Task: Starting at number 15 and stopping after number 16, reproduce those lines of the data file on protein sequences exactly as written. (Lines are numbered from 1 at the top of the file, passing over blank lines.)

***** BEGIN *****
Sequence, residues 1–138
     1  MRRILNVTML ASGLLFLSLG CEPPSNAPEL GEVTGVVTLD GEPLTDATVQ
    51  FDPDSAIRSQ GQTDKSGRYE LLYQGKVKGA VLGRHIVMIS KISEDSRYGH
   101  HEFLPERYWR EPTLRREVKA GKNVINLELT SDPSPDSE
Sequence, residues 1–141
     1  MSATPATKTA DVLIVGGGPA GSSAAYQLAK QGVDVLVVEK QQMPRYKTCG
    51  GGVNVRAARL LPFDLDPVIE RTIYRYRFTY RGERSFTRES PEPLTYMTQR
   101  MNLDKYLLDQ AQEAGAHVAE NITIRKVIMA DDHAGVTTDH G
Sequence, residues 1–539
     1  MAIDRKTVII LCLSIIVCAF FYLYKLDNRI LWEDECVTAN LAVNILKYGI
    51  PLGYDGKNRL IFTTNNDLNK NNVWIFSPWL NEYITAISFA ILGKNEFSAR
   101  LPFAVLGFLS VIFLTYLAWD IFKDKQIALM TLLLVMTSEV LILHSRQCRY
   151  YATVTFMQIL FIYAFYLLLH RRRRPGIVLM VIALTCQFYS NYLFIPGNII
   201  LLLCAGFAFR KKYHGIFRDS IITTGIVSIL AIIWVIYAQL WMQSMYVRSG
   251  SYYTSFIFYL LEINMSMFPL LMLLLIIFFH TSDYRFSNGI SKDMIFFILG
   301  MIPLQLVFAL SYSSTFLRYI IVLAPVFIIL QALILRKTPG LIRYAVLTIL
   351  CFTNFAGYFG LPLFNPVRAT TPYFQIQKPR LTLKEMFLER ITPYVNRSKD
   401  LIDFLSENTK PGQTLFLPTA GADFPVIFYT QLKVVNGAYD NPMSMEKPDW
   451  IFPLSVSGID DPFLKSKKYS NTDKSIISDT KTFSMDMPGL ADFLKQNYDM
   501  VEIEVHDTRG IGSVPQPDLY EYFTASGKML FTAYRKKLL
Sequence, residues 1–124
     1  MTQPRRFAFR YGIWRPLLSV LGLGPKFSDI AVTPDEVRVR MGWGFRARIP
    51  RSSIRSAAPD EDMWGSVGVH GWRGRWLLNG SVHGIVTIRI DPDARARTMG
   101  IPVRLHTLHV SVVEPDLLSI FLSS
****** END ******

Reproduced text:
   251  SYYTSFIFYL LEINMSMFPL LMLLLIIFFH TSDYRFSNGI SKDMIFFILG
   301  MIPLQLVFAL SYSSTFLRYI IVLAPVFIIL QALILRKTPG LIRYAVLTIL